Yuan: The Missing Dislike Button

by Ziqin Yuan | 4/20/15 6:03pm

Most people like to display their happiness and hide their sorrow. We often try to display a pristine exterior, one that looks effortlessly put-together and always cheerful. We are, however, human. No one is a one-dimensional individual in a permanently happy state. If we all know we’re not perfect, then why do consistently feel the need to pretend as if we are?

I believe the most obvious answer is because we find our shortcomings embarrassing. Nobody wants to be seen as “that girl who cried in public because she did poorly on an exam” or “that guy who made a fool of himself last night.” Nobody wants to be talked about on Yik Yak or risk developing a reputation as someone who’s never any fun to be around. So we put on a smile and a pleasant façade, and in doing so we all deceive one another into believing everyone around us looks fine.

This impulse seems odd if you consider that many people have similar anxieties. In theory, if we can relate to one another’s difficulties, we have no reason to hide them from our peers — in fact, we can help ourselves by sharing. Vulnerability, no matter how difficult, ultimately proves more sustainable. By being vulnerable, we allow people to empathize with us, and that emotional connection is mutually beneficial to all parties. We gain the advice and respect of others, and we let other people know they’re not alone — that’s how strong communities are formed.

Hiding our flaws has severe consequences. On social platforms such as Facebook and Instagram, many carefully curate their lives and showcase only the most flattering snippets. This crafted appearance makes it difficult for friends and loved ones to be aware of our true feelings — and even more difficult to help us deal with them. Many suicides on college campuses follow a similar, and sadly preventable pattern — students who seem happy on the outside often share only positive parts of their lives to create an image of wellness, hiding their troubles inside. A University of Pennsylvania runner’s suicide last year shocked her friends because they weren’t aware of her struggles with striving for perfection — she only shared her most positive moments. A 2015 University of Missouri study found that when use of Facebook elicits envy — such as browsing posts that highlight friends’ achievements — users are more likely to experience symptoms of depression. By showing such carefully edited versions of our lives, we all accept perfection as the norm and create a society where any weakness feels like failure.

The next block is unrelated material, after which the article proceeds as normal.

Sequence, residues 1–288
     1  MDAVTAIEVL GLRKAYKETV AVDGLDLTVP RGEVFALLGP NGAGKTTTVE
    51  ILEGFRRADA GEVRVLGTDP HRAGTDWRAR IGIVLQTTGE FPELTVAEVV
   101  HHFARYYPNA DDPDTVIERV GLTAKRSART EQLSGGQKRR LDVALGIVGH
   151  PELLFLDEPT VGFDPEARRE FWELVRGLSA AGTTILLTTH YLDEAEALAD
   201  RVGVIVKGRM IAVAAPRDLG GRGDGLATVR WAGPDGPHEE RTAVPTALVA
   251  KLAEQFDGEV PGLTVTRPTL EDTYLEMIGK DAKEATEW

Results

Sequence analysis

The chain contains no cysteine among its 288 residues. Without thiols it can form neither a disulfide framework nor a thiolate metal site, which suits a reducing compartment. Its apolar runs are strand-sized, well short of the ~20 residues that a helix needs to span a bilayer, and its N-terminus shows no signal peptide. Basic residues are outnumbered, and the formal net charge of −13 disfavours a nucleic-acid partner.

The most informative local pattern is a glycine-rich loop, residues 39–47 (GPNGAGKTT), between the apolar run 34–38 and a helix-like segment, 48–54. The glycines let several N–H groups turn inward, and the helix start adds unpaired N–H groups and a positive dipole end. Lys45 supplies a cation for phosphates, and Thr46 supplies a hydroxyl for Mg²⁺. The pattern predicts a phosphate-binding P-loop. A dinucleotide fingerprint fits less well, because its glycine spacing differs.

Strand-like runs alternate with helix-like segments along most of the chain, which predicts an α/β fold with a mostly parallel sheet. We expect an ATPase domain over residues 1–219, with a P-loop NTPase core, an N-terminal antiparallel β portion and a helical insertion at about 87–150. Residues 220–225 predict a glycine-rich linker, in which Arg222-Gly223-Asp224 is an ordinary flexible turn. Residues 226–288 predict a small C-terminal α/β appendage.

Illusions of perfection can never last. If everyone admits that they’re not perfect, however, we have the chance to help each other through our imperfections. In her TED talk “The Power of Vulnerability,” Brené Brown noted that the people with the strongest feelings of self worth and the people who were the most loved in their communities were also those who felt vulnerable. Vulnerability allowed them to trust others and learned that their problems are not the exception but the rule. In showing weakness, they actually gained power and strength.

Vulnerability isn’t easy. Revealing the more negative or sensitive aspects of ourselves is a challenging exercise in trust and courage. If we chose to be slightly more vulnerable, however, we may come to the inspiring conclusion that we’re not alone. Many of us feel anxious or nervous when talking to someone new — we don’t know if they’ll like us or if they even want to talk to us. Yet, as many will likely attest, most people are just waiting for you to talk to them first — just taking the initial step and making yourself vulnerable will encourage others to reciprocate.

Of course, we shouldn’t necessarily expose everything our deepest secrets to the public. Even baby steps — letting your bare face show without makeup, for example, or admitting that you don’t always know the answer — are enough to allow others to reach out and empathize. If nothing else, these small changes in our behavior can remind others that we aren’t perfect, and that we shouldn’t expect ourselves to be perfect.

We need to be less afraid of being vulnerable. When we show a side of ourselves that — though potentially less flattering — is more sincere and genuine, we abandon the fake standard of perfection that we pretend to have. It’s worth making an effort to let ourselves be known for who we truly are.